Solid Tumour Growth

Multicellular spheroids (MCS) are clusters of cancer cells, used in the laboratory to study the early stages of avascular tumour growth. Mature MCS possess a well-defined structure, comprising a central core of necrotic, or dead, cells, surrounded by a layer of non-proliferating, quiescent cells, with proliferating cells restricted to the outer, nutrient-rich layer of the tumour. As such, they are often used to assess the efficacy of new anti-cancer drugs and treatment therapies.

Progress in modelling tumour growth has been largely guided by experimental results. Thus the majority of mathematical models focus on the growth of MCS or avascular tumour growth. However, several models have been proposed to describe angiogenesis. This process marks the transition from the relatively harmless, and localised, avascular state described above to the more dangerous vascular state, wherein the tumour possesses the ability to invade surrounding tissue and metastasise to distant parts of the body. Angiogenesis is the process by which tumours induce blood vessels from the host tissue to sprout capillary tips which migrate towards and ultimately penetrate the tumour, providing it with a circulating blood supply and, therefore, an almost limitless source of nutrients.

The vascular growth phase which follows angiogenesis is marked by a rapid increase in cell proliferation and is usually accompanied by an increase in the pressure at the centre of the tumour. This may be sufficient to occlude blood vessels and, thereby, to restrict drug delivery to the tumour.

Recent work has focused on the evolution of a MCS growing in response to a single, externally-supplied nutrient, such as oxygen or glucose, and two growth inhibitors. We assume that the tumour adopts a multi-layered strucutre, with proliferating cells in the outer shell, quiescent cells occupying the adjacent, middle shell, and necrotic cells confined to the central core. The proportion of each cell type changes as the tumour grows. Consider, for example, the growth of a tumour that initially comprises only proliferating cells. As the tumour grows, cells towards its centre, being deprived of vital nutrients, cease proliferating and become quiescent. (Quiescent cells are not dead: they simply do not divide. If the environmental conditions improve, i.e. nutrient levels increase, then such cells may recommence proliferating. Thus quiescence is a reversible state of a tumour cell.) Further growth of the tumour is accompanied by an increase in the quiescent cell population and a further reduction in the minimum nutrient concentration until eventually tumour cells towards the centre of the tumour, being starved of vital nutrients, become necrotic.

Mathematical models of MCS typically consist of an ordinary differential equation (ODE) coupled to one or more reaction-diffusion equations (RDEs). The ODE is derived from mass conservation and describes the evolution of the outer tumour boundary, whereas the RDEs describe the distribution within the tumour of vital nutrients such as oxygen and glucose and growth inhibitors. These models accurately reproduce the growth of spheroids and also the macroscopic heterogeneity which is the hallmark of spheroids. The model developed in this paper exhibits similar features. However it also enables us to assess a tumour's potential for invasion. The key feature that determines this potential is the balance between an internal expansive force (caused by cell proliferation) and a restraining force (caused by forces of adhesion which exist between cells on the tumour boundary).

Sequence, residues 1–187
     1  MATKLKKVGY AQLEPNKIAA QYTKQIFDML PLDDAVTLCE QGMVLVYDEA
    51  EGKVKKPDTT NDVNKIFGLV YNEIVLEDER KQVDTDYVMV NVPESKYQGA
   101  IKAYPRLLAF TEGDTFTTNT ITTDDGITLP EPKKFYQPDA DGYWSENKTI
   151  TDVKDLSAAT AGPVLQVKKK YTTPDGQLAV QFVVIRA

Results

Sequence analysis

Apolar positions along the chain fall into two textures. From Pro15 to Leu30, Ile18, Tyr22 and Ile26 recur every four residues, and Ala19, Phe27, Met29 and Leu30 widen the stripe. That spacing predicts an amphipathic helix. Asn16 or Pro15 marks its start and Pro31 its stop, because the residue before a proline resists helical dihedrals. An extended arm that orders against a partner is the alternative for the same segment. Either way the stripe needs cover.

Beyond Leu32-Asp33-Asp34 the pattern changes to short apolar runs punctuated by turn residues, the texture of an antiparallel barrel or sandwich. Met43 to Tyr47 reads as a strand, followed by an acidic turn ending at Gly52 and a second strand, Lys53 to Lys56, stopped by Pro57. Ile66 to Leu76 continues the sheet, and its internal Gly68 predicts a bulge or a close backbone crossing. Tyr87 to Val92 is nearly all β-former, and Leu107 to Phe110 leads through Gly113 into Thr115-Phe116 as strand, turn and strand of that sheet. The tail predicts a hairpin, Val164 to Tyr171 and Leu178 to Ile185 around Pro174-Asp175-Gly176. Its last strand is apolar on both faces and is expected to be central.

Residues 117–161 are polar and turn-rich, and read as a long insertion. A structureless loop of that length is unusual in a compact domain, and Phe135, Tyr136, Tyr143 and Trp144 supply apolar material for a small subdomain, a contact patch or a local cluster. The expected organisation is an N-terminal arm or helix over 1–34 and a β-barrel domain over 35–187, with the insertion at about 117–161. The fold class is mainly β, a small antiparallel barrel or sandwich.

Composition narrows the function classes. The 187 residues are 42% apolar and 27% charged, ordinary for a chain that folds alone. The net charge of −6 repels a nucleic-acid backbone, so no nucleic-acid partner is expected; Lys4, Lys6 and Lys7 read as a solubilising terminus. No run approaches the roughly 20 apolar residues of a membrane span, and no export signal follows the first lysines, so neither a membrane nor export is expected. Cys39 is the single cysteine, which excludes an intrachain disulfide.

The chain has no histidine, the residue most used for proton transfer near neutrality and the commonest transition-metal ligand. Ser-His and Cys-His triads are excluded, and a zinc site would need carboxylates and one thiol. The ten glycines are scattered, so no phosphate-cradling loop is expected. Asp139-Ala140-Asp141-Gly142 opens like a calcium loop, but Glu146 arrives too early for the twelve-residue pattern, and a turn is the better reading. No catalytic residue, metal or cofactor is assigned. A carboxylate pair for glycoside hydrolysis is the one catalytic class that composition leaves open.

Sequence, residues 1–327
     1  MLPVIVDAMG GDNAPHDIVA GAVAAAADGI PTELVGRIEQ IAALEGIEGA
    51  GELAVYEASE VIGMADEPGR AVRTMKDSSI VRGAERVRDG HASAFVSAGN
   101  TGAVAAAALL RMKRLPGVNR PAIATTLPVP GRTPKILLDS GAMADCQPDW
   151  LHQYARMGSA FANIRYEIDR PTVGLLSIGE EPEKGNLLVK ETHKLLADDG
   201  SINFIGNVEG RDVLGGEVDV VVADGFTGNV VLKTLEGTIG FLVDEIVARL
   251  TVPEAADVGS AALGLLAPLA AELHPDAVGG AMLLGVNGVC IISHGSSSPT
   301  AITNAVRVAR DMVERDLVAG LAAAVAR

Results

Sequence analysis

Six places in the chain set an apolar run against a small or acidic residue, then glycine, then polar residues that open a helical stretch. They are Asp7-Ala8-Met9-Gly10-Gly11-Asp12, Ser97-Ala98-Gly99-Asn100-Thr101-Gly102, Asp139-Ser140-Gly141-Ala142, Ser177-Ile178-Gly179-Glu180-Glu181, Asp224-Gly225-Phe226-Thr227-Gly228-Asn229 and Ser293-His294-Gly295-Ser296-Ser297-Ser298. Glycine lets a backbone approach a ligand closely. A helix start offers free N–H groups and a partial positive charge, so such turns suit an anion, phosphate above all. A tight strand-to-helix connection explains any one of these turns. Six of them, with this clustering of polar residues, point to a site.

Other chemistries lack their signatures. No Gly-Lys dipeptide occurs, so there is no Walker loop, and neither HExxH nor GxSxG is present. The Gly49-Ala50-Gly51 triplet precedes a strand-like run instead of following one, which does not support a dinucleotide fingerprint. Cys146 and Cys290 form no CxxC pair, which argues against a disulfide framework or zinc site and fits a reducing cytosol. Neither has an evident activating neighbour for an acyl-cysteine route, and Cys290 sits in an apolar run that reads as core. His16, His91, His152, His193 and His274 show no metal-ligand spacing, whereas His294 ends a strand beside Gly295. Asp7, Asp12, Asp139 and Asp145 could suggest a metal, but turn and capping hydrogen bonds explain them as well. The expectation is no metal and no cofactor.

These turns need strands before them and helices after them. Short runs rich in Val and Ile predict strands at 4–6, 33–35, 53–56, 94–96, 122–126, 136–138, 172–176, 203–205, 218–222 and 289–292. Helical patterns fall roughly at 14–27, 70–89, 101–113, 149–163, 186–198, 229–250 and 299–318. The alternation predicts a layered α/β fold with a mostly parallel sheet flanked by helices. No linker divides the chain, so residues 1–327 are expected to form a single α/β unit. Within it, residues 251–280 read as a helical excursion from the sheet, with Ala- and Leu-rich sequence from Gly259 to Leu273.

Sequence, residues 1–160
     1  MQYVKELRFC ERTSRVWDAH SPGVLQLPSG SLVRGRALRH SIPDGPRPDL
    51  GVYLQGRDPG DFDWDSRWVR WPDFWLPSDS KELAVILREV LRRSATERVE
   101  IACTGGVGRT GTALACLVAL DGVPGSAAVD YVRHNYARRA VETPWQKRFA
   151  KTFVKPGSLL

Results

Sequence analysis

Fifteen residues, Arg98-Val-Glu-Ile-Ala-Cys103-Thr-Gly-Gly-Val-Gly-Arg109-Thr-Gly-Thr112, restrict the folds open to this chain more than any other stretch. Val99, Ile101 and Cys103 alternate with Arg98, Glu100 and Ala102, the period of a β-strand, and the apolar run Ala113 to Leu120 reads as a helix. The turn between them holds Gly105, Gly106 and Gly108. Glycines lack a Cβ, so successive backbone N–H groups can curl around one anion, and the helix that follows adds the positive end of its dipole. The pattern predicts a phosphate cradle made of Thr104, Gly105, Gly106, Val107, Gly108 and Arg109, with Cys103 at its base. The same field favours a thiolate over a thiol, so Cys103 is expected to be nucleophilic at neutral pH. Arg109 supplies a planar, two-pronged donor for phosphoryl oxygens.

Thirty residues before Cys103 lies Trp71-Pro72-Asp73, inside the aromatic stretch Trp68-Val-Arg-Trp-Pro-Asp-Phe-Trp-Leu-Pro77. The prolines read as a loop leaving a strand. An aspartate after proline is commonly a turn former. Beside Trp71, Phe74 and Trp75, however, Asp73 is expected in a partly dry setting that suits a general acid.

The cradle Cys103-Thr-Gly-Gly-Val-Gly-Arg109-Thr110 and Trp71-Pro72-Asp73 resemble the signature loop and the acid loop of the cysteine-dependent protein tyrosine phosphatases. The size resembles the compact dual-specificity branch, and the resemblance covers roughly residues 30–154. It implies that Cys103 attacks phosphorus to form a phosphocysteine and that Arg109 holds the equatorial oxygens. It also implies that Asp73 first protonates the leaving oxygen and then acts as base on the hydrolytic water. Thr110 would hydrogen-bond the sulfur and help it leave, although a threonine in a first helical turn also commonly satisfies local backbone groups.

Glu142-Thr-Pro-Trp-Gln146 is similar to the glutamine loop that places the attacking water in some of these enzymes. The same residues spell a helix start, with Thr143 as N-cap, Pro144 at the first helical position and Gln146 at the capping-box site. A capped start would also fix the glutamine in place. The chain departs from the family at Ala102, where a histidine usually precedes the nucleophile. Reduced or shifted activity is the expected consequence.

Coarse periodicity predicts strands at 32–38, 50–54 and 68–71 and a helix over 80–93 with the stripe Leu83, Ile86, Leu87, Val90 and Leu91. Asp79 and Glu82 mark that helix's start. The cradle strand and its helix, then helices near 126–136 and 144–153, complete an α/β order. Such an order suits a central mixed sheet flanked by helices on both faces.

The tumuor is essentially viewed as an incompressible fluid so that local changes in the cell population caused by cell death or birth will generate pressure gradients which drive cell motion and induce expansion of the tumour. No a priori assumptions about the width of the proliferating rim or the tumour's internal structure.

Attention is also restricted to the moving domain defined by the tumour volume and it is assumed that the nutrient concentration satisfies the Gibbs-Thomson relation on the boundary. This relation states that the nutrient concentration at a point on the tumour boundary is less than the external concentration by a factor which depends on the local curvature there. This energy is needed by cells on the periphery in order to preserve the forces of adhesion which exist to maintain the tumour's compactness. Clear experimental evidence for these effects can be found in \cite{Miyasaka}, \cite{Nagle} and references therein.

{\em In vitro} observations suggest that in the early stages solid tumours remain approximately spherical as they grow. Therefore, our analysis focuses on the existence and stability of radially-symmetric solutions of the model equations. We show how the pressure can be eliminated from the model when radial symmetry is assumed and how a reduced system of equations, which is similar in form to existing models of MCS, can be recovered. We believe that our derivation of this simplified model indicates how models of avascular tumour growth arise as special cases of more physically based models.

Solution of the radially symmetric model shows how the existence and stability with respect to time-dependent perturbations depends on the system parameters. For example, if the strength of the cell-cell adhesion bonds is increased then the tumour is likely to disappear. In contrast when cell-cell adhesion bonds are weak the tumour persists and may even expand.

Our analysis of the reduced model also investigates how small deviations from radial symmetry develop in time. If all asymmetric perturbations ultimately disappear then we conclude that the tumour will simply grow as a radially-symmetric mass. In contrast, the growth of a perturbation implies that the tumour has a propensity for asymmetric local invasion, the growth rate of the perturbation indicating the degree of aggression.